Rotary Club Bali Ubud Sunset Celebrates The Season and Explores A Project

Rotary Club Bali Ubud Sunset [RCBUS] celebrated family, friendships, and the Christmas season on December 19, 2021. We gathered with our families at Widja Restaurant in Ubud to enjoy the fellowship that membership in Rotary provides, eat delicious Balinese food, and open gifts. Small children and their elders alike enjoyed the festive spirit of the gathering, and we were honored to have Rich Foss, an RCBUS alumni, join in our fun.

On December 11, 2021, two RCBUS members, President Hans Schmid and Marion Hook, traveled from Bali to Burau, Kalimantan, and then on to the Wehea National Forest in East Kalimantan, RCBUS supports the WEHEA Project as part of its effort to grow local economies and protect the environment. The WEHEA Project strives to protect the rainforests of East Kalimantan along with the animals and the Dayak people who live in the shelter of these forests. The first day in Kalimantan included a 6-hour drive in a 4-wheel drive vehicle over roadways that also accommodated trucks carrying heavy loads of coal, cut timber and palm oil fruit on the way to factories to be processed into oil. As it was rainy season, the roadway to the Wehea forest camp was mostly mud. For two days, Schmid and Hook spoke with Yulie, the area’s Dayak chief; Linus, the WEHEA Project’s manager; forest rangers; and camp staff. New upgrades to the camp buildings were viewed, and the need for an upgraded roadway to the camp was discussed. Schmid and Hook were fortunate to be able to view an orangutan, black tailed monkeys, and a hornbill, all uncaged, in this wilderness sanctuary.

Next, Schmid and Hook traveled to Merasa Village which is nestled deep within the rainforest of East Kalimantan. There, they viewed reforestation projects that not only strengthen the renewal of the rainforest but add to the economic development of the area. Thanks to careful planting of fast-growing cacao trees, microbusinesses are emerging in this tiny village. Schmid and Hook visited a chocolate production business and a honey processing business, both housed in individuals’ homes. The local producers market the chocolate products all over the world and sold them as far away as Germany.

While in Merasa Village, Schmid and Hook attended the blessing of a new WEHEA Project office building which will also serve as a place for community members to gather to strategize about new ideas to preserve the forest and implement economic growth. Village elders also attended the ceremony. Dayak women attired in traditional hand beaded (and very heavy) dress and head gear, performed an intricate and beautiful dance while holding bouquets of Kalimantan peacock tail feathers. After the ceremony, Schmid and Hook boarded a ketinting, a traditional, hand-hewn wooden boat, and were transported down the Kelai river to the Animal Rescue Center in another portion of the Wehea National Forest. The 45-minute boat trip ended when the pair was deposited at the bottom of 100 wooden steps that led from the river to the Rescue Center.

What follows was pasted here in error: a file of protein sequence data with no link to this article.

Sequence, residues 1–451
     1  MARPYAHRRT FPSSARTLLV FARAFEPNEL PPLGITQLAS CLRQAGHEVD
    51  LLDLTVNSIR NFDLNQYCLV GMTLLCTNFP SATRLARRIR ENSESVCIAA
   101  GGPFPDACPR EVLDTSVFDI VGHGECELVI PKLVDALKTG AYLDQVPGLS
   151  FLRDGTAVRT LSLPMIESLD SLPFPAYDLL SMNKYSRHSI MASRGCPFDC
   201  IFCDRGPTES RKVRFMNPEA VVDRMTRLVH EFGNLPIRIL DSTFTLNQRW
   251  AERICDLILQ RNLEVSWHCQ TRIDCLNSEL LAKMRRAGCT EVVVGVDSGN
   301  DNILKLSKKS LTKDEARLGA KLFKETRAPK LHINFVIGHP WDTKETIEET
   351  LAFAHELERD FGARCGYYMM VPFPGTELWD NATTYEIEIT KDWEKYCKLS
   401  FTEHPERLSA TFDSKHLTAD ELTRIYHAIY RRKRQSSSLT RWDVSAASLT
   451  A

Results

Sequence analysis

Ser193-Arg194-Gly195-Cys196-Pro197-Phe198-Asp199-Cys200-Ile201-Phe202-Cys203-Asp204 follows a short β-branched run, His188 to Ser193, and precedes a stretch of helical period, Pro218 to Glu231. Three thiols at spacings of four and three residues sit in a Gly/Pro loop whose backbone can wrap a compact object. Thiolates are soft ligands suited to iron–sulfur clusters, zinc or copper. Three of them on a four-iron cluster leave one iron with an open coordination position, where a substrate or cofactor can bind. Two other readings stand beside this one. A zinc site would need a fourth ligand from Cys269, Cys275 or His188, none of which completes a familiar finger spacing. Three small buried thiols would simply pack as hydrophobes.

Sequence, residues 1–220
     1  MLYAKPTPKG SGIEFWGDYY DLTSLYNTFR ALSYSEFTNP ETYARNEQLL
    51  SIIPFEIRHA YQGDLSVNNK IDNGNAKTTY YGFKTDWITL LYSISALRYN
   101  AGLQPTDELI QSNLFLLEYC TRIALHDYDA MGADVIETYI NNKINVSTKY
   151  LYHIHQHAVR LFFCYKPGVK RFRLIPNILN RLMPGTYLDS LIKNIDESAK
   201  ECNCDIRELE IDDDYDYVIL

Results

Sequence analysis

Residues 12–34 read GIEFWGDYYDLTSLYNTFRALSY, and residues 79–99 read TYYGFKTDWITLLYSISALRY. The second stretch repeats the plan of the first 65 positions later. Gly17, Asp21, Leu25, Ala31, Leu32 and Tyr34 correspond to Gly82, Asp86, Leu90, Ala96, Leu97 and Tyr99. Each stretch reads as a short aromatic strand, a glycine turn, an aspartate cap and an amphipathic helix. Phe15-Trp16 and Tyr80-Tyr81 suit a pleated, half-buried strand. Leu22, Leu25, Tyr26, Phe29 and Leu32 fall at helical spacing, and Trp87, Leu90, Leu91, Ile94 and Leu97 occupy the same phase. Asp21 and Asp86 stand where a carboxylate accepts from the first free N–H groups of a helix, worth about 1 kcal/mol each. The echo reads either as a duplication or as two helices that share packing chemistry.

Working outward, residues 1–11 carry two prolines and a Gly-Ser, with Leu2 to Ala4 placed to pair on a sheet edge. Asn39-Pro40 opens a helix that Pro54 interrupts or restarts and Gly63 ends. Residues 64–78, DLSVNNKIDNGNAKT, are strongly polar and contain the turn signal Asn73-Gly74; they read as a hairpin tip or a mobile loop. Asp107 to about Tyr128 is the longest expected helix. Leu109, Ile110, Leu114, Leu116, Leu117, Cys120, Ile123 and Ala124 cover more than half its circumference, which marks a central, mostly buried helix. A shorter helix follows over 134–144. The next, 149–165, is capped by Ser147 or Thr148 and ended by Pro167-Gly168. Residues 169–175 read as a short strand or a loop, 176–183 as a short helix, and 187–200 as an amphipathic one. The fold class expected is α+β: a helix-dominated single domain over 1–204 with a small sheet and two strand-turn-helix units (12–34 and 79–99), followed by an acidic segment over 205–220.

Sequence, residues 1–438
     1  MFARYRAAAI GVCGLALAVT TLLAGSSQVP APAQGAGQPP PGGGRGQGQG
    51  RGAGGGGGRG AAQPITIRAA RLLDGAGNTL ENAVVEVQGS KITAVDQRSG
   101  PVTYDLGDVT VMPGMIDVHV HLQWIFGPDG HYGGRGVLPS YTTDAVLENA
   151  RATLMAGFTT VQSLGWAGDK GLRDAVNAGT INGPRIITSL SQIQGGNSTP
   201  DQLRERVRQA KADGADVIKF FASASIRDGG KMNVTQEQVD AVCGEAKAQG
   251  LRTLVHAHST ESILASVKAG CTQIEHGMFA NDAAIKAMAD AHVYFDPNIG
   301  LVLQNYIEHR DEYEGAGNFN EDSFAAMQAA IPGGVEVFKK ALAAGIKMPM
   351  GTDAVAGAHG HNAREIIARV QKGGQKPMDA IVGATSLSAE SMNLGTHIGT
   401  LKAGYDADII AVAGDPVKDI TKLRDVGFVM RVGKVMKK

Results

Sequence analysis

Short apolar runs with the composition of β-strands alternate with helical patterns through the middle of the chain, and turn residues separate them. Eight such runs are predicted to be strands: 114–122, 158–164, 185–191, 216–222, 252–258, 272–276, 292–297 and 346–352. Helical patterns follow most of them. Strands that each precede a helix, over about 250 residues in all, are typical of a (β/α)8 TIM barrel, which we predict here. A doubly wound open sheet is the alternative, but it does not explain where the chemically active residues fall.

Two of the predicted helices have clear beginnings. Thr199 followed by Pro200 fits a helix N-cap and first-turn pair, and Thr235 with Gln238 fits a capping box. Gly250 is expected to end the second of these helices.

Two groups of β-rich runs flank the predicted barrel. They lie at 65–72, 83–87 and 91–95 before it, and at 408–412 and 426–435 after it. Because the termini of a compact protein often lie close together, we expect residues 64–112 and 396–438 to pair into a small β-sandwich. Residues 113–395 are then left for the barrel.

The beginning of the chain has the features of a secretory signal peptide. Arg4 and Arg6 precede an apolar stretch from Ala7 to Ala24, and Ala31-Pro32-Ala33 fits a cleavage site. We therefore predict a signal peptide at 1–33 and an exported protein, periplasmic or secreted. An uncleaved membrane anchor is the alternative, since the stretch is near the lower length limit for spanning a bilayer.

After donning masks to deter the spread of Covid (primates are susceptible to Covid), Schmid and Hook were taken to view the animals that were being rehabilitated. They met a hornbill and a sea eagle, both recovering from broken wings, a 4-month-old gibbon which, when it was an infant, lost its mother to an accident, and several black monkeys which had been rescued from animal traffickers. Spacious, clean cages protected all of the injured or immature animals. Schmid and Hook also met the veterinarian and other caretakers who nurse the animals back to health. When the time is appropriate, the healthy, mature animals will be released into the rainforest or, if that is not prudent, released into a sanctuary.

The staff held several discussions which unveiled projections of the introduction of an ecotourism center in the future. Ecotourism would not only educate a diverse public to the needs of the forest, the animals and the Dayak people, but it would also further enable community economic development.

Schmid and Hook then returned to Burau in hopes of exploring an island which is the home of the endangered proboscis monkey. Unfortunately, the heavy rains were causing the Kelai river to flood, so the trip was canceled.

RCBUS is gratified that our club is able to support two of Rotary International’s seven major causes, supporting local economies and protecting the environment, by investing in the WEHEA Project.

Members of RCBUS are friendly people of action. If you are considering joining RCBUS and would like to attend a meeting to see what we are all about, please contact Marion Hook at for more information. We meet every 2nd Monday at Warong Mina Ubud and every last Monday of the month at Sthala Ubud Bali, a five-star hotel managed by Marriott International. It is located in Lodtunduh Village in Ubud. If you would like to join this dynamic group of people from three different continents who love Bali and work to help the people who live here, information to do so can be found at


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